To learn more about MASK and it’s mission, please click here.

There are no comments yet...Kick things off by filling out the form below.

Leave a Comment

No Comments

Meet our 2017 Woman Who Dared Nominee: Hon. Sara Feigenholtz

Hon. Sara Feigenholtz

Hon. Sara Feigenholtz
State Representative
Illinois’ 12th District


Sara Feigenholtz represents Illinois’ 12th District, which includes Lakeview, Lincoln Park, and Near North neighborhoods. Her commitment to the residents of her district and sponsorship of groundbreaking legislation has earned her the appointment of Assistant Majority Leader of the Illinois House of Representatives.

Sara champions a multitude of complex legislative and budgetary issues, reinforcing her statewide reputation as an effective legislator and champion of accessible health care, human services, and adoption reform. Sara’s passion for justice in health care earned her the Chairmanship of Human Services and Appropriations where she served for a decade before her appointment as Assistant Majority Leader.

As a champion of women’s rights, Sara recognizes a woman’s right to choose as a fundamental right. She is leading the way in Springfield to expand access to critical women’s health services. This legislative session, she was the sponsor of House Bill 40. This bill strikes the dangerous “trigger” provision in the Illinois Abortion Law of 1975, which states that if Roe v. Wade is overturned then abortion would become illegal in Illinois. The bill also removes discriminatory provisions from Illinois law that denies insurance coverage of an abortion to many women who depend on Medicaid and State Employee Health Insurance. If signed into law, Illinois would join 15 other states that provide women with health assistance funds that cover the full range of pregnancy related care including a woman’s decision to end a pregnancy.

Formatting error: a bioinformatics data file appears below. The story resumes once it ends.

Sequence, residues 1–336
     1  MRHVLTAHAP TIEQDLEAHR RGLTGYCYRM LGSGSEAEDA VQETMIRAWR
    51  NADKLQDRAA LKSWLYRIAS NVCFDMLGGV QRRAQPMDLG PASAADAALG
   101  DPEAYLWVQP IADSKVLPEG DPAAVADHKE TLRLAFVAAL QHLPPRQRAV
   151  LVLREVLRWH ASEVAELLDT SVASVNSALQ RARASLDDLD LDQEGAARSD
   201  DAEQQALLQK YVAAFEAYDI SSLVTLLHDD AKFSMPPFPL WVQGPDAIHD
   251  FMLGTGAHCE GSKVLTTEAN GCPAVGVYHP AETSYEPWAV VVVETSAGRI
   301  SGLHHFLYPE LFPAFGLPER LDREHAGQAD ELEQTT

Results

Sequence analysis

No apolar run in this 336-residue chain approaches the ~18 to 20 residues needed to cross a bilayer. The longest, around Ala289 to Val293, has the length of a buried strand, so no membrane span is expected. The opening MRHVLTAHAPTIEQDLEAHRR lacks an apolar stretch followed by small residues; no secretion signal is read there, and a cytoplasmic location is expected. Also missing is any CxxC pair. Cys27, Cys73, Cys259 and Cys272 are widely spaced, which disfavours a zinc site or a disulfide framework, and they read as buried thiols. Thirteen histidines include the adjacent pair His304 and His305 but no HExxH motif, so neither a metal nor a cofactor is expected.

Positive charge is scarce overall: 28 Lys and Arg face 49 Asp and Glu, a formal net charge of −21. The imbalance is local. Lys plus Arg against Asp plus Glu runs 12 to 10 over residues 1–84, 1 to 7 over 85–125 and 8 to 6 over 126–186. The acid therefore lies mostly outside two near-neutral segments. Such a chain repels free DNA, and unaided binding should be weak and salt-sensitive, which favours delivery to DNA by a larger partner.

Prior to entering public service, Sara was the principal of SKF Consulting, a firm that raised over one million dollars for diverse political candidates and non-profit charitable organizations. As a local small business owner, she has also served as the Executive Director of the Central Lakeview Merchants Association. She actively serves in an advisory capacity in numerous community organizations throughout the 12th District.

Sara earned her BA in Political Science and Speech and Performing Arts from Northeastern Illinois University. She participated in the Fellowship program of the Illinois Public Health Leadership Institute and in 2011 completed the Harvard Kennedy School of Government Senior Executives program.

There are no comments yet...Kick things off by filling out the form below.

Leave a Comment

No Comments

National NOW Elects New Leadership

New NOW Leadership
Members of Illinois NOW stand with the new administration

At the NOW Annual Conference in Orlando, state chapters voted and a new President and Vice-president were elected. Toni van Pelt and her VP candidate, Gilda Yazzie will take over the leadership of NOW on August 1 of this year. In addition, a host of resolutions were approved by the body allowing NOW to support various causes. Chicago NOW thanks outgoing President Terry O’Neill and Vice-President Bonnie Grabenhofer for their years of leadership and activism.

There are no comments yet...Kick things off by filling out the form below.

Leave a Comment

No Comments